Links recording official Church teachings concerning polygamy:

"It is a fact worthy of note that the shortest lived nations of which we have record have been monogamic. Rome…was a monogamic nation and the numerous evils attending that system early laid the foundation for that ruin which eventually overtook her."
- Apostle George Q. Cannon, Journal of Discourses, Vol. 13, p. 202

The entire following section is from .

Why were these wanted posters made for the LDS leaders of the Church? Because polygamy was illegal.

The entire following section is from with minor edits.

Many women practiced it because they believed the church was true and somehow this was commanded by God. Others likely had little choice if their husband said he had to do it and was going to practice this commandment with or without their support. The first wife was supposed to give her consent, but many, like Emma Smith, protested against it and their husbands did it anyway. Others, like Helen Kimball, were coerced by their parents into polygamous marriages - often to much older men. Some were promised great eternal blessings for them or their families.

Isn't One Wife Enough? by Kimball Young, p. 396.

When I think about that, I just think that the Islamic women are being brainwashed into thinking it's okay to subject the women to restrictions such as always having to put a veil on in public in 100 degree weather, to be subservient to men and never have any real civil rights to speak of. Perhaps the Mormon women who accept polygamy believe that polygamy is okay for similar reasoning.

Critic's point:Only people performing illegal acts need to go to such lengths to avoid the law.

Smith's Failed Proposals to Married Women

While in San Francisco, Pratt induced the wife of Hector H. McLean, the former Elenor J. McComb, to accept the Mormon faith and to elope with him to Utah as his 12th wife. Elenor was the mother of three children, a girl and two boys. In the S. F. Bulletin of March 24, 1877, it is stated that the apostle made the acquaintance of Mrs. McLean while engaged in missionary work in San Francisco; that her husband, who was a custom-house official and a respectable citizen, ordered him to discontinue his visits, and kicked him out of the house for continuing them surreptitiously; and that the woman was so infatuated with the Mormon Elder that she devoutly washed his feet whenever he visited her.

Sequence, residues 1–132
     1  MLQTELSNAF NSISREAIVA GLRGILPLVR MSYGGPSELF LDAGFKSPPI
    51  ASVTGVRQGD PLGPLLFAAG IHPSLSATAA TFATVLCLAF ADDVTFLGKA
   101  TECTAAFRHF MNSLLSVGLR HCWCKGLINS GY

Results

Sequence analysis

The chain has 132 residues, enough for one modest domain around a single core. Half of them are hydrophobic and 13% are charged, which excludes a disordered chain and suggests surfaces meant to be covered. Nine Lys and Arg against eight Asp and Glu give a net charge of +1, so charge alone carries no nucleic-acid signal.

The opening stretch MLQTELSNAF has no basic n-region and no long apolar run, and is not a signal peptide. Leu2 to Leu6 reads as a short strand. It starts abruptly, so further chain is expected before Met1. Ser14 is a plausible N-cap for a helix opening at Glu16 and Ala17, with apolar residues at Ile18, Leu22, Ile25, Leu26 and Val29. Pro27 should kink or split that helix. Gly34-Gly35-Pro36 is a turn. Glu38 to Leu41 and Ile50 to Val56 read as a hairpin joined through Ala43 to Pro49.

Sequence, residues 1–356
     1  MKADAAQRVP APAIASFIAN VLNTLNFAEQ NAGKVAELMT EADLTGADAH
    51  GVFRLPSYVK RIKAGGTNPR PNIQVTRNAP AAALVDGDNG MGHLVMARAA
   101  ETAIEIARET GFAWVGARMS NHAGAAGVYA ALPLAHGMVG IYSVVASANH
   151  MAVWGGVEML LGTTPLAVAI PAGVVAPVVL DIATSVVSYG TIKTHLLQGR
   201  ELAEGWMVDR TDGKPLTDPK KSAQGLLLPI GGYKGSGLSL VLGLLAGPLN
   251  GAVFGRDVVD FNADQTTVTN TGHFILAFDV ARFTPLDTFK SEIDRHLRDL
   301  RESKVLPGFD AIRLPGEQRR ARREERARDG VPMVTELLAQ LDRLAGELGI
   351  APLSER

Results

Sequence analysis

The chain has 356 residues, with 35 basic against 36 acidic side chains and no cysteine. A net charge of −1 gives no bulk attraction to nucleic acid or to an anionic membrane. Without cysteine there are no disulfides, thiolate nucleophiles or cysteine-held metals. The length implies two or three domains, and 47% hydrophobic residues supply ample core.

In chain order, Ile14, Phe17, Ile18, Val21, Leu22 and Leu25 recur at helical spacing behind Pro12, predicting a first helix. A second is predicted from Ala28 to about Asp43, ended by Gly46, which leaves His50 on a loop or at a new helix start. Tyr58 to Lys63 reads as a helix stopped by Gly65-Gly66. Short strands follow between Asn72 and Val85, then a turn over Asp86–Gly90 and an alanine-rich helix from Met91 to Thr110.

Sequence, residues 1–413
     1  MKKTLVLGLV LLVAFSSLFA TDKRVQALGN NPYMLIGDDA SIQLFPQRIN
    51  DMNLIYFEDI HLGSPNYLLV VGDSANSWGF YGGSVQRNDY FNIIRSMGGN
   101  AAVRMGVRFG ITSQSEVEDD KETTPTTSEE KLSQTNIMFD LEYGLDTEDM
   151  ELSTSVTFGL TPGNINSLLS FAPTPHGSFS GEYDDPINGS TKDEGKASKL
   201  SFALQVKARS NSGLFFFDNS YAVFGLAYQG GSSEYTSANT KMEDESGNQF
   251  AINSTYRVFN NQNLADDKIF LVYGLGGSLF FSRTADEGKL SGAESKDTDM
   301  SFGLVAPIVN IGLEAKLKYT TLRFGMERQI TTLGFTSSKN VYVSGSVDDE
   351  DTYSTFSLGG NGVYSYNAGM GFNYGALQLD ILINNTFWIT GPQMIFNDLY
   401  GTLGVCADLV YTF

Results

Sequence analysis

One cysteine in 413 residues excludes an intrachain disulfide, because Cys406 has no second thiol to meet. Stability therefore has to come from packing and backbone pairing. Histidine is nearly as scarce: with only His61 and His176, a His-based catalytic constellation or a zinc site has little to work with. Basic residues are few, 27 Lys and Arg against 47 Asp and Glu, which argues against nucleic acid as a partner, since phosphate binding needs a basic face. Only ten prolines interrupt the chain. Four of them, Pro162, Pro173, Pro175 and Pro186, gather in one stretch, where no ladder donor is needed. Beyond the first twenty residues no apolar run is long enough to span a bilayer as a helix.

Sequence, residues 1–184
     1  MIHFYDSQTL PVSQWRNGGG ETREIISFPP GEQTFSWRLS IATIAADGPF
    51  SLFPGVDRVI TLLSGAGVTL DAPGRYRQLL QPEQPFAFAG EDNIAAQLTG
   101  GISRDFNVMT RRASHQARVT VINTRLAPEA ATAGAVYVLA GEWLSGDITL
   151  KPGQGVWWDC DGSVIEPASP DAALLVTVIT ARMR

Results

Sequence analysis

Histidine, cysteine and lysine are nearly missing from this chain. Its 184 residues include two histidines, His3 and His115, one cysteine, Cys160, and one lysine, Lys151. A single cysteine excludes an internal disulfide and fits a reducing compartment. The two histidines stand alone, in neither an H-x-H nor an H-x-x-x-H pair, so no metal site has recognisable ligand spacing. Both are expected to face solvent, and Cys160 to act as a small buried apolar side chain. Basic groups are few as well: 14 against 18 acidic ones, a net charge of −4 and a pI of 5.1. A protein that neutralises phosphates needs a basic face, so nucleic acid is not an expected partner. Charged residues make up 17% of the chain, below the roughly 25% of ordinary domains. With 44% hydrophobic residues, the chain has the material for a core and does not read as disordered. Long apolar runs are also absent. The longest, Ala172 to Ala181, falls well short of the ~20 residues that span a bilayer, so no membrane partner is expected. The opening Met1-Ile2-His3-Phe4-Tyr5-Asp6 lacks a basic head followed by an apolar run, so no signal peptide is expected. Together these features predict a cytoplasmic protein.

In Joseph Smith's time, monogamy was the only legal form of marriage in the United States.

Estimates of the number of these sealings range from 12 to 14.

While the leaders were encouraged to qualify for their positions by living "the law," many of the most faithful and dedicated lay members of the Church also entered plural marriage of their own free will. They knew the true relationship between the manifesto and the higher law. One example of this was the father of Camilla Eyring Kimball, wife of Church President, Spencer W. Kimball.

Evidences and Reconciliations, John A. Widtsoe (Bookcraft, 1943) pp. 307-310.

Journal of Discourses, Vol. 2, pp. 13-14.

"If we were to do away with polygamy, it would only be one feather in the bird, one ordinance in the Church and kingdom. Do away with that, then we must do away with prophets and Apostles, with revelation and the gifts and graces of the Gospel, and finally give up our religion altogether and turn sectarians and do as the world does, then all would be right. We just can't do that, for God has commanded us to build up His kingdom and to bear our testimony to the nations of the earth, and we are going to do it, come life or come death. He has told us to do thus, and we shall obey Him in days to come as we have in days past" (Journal of Discourses 13:165 - p.166).

This admission is interesting as it seems to counter what the Church said in their other essay on :

"Short Sketch of the Life of Henry B. Jacobs" By Ora J. Cannon

It is reported that she was married to Apostle Pratt November 14, 1855, in Salt Lake City. Concerned that his (Hector's) wife [we have not found any record of divorce] would take his children and follow Pratt to Utah, McLean sent his children to his wife's parents in New Orleans, Louisiana. Hearing that her children were in her own father's home, she made plans to go to New Orleans and gain possession of them. After pretending that she had abandoned the Mormon belief, her parents allowed Elenor to take the children. When McLean learned of this he went to New Orleans, and traced his wife and Pratt to Houston, Texas, and thence to Fort Gibson, near Van Buren, Arkansas. On arriving at Fort Smith (near Van Buren), McLean found letters from Parley Pratt addressed to his wife, one of them signed 'Your own,--.